Javanese Gamelan (in Portuguese: Gamelaõ) is a set of traditional music instruments from Java. Indonesia also has Balinese Gamelan. To understand more about what gamelan is, I put an excerpt taken from “Introduction to Javanese Gamelan” by Prof. Sumarsam, an Indonesian professor who teaches in the Music Department, Wesleyan University, US.
“Java also has rich musical traditions, traditional as well as westernised genres. One of the forms of well-known traditional music of Java and those of neighboring Bali is
gamelan. Gamelan, derives from the word “gamel”, to strike or to handle, is a generic term referring to an ensemble which comprises predominantly of percussive instrument.”
“Gamelan instruments are mostly metallophone and gong type instruments which produce tones when struck with mallets (tabuh). Other types of percussion instruments included in the gamelan ensemble are: a wooden xylophone (gambang), and a set of two headed drums (kendhang) played with the palm and/or fingers. There are a few instruments in the gamelan ensemble which are not percussion instruments: they are a two-stringed bowed instrument (rebab), a plucked zither-type instrument (celempung or siter), and a bamboo flute (suling). A female singer (pesindhèn), and a male chorus of two or three singers (penggérong) also participate in the gamelan ensemble.” – Sumarsam. Middletown, October, 1988. Revised for Wesleyan’s gamelan webpage, Fall 1999. Last revised, Fall 2002.
Find the full paper here.
Java itself is an island with the most population in Indonesia and our capital city, Jakarta, is located in Java Island. I come from a small city namely Surakarta, Central Java. Most people know more about Jogjakarta than Surakarta. In fact, both come from the same kingdom before: the Mataram kingdom. I learned how to play gamelan when I was in elementary school. 17 years ago, huh? In addition, I also learned aksara jawa (Javanese letters), Javanese dances (I should tell you: I was so bad in this, haha), and Javanese songs. I am a big fan of Javanese songs, especially a song called “Lir Ilir” because of its deep meaning.
My friends and I participated in a gamelan workshop at Casa da Musica, Porto. Casa da Musica is a famous concert hall in Porto and also famous for its eccentric design. I found out about this workshop when I randomly looked on their website. My friends and I were so ecstatically excited about this. We, the Indonesians, were going to learn how to play gamelan. and it was taught by Portuguese musicians! I felt so happy knowing that foreigners love and even able to play Gamelan that Indonesians are really proud of.
When we entered the room, Jorge recognised me & Mbak Sandra as Indonesians. He had been studying gamelan for 2 months at ISI (Institut Seni Indonesia) and mistakenly thought Mas Ariel as an Indonesian because he wore batik shirt on that day, LOL (he is a Portuguese, fyi). Before we started playing gamelan, Jorge and Maria gave us instructions to warm our legs up because the silo (a rule of sitting position while playing gamelan) and Maria taught us her hand movements for gamelan instruction (like the number that we should hit). Most of the participants were families with kiddos and grandpa! wow! and they were so excited.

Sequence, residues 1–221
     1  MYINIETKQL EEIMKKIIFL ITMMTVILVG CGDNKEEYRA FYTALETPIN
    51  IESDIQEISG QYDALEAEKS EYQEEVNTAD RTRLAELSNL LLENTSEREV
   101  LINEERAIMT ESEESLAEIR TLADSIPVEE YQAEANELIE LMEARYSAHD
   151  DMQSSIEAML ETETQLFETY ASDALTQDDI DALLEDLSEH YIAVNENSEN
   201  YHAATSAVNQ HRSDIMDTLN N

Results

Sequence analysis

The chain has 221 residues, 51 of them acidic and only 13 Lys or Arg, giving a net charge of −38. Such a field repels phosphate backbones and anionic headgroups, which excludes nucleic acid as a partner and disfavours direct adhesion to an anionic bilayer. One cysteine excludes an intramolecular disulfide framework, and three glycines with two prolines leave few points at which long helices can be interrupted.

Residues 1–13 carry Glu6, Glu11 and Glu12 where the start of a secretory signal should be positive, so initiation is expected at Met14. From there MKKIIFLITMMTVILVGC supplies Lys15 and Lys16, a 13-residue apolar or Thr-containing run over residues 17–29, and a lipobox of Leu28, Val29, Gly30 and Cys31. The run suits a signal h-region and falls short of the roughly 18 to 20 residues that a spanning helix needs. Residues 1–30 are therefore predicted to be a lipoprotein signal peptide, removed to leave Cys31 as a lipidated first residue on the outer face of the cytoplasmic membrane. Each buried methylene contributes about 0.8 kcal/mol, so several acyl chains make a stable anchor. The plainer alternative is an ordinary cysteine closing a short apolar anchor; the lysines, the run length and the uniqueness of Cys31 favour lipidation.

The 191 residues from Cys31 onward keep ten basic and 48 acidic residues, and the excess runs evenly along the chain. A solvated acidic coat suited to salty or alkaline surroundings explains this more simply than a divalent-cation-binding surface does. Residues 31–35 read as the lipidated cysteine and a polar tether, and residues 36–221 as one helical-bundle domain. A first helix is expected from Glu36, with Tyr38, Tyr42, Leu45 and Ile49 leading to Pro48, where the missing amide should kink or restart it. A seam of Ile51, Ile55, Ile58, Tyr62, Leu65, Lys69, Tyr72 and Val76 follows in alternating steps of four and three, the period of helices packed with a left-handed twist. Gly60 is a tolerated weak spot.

Firstly, Jorge and Maria assigned us to different instruments. Then we tried to play it. Just random play. Then, Maria said we need to pay attention when Jorge played the kendhang (as pictured with Jorge). We hit the notes based on Maria’s hand movements. In a minute, playing gamelan seemed not so difficult for beginners (and even for some participants who just seen gamelan for the first time). After some minutes, we could change the instruments to play. Jorge and Maria showed an animation video on the screen and after on, we figured out that the song we learned few minutes ago was the song for that animation. Cool! Participants were so immersed in playing gamelan.
At the end of the session, Mbak Sandra and I got the opportunity to sing Javanese songs (yeay! thank you Jorge!). We sang “Gundhul Gundhul Pacul” and “Rek Ayo Rek”. I was a bit sad because I did’t remember the notes for those songs. It would have been more attractive if we could play the gamelan while singing those two songs. Ok, maybe next time? :p
Jorge said they had a gamelan concert in January and will have one in November. I will keep you updated about this 😉 Looking how cool foreigners played gamelan made me think that it is our duty as an Indonesian to maintain the cultural heritage we have. We have 17. 508 islands with 1.340 ethic groups and 546 different languages in Indonesia. We are so colourful, aren’t we? Yet, sadly, there are still some people who don’t really respect these differences. So, rather than saying which group is the best or which group is better than the others, it’s better to know and understand more about the traditions we have in our country. imho.
i am an Indonesian. A native of Javanese. Yet, i learned how to play gamelan from Portuguese musicians. How did i feel? Instead of feeling ashamed, I feel proud. They appreciate our Javanese gamelan and are really keen on playing gamelan. I know I am late in learning gamelan. But, it’s better being late than never, right? Why would I be ashamed? If I feel ashamed, I would never have the courage to learn. Imho.
To sum up this post, I will recommend a video performed by one of Indonesian legendary bands, Krakatau Band, who combined Gamelan with modern funk music. Enjoy!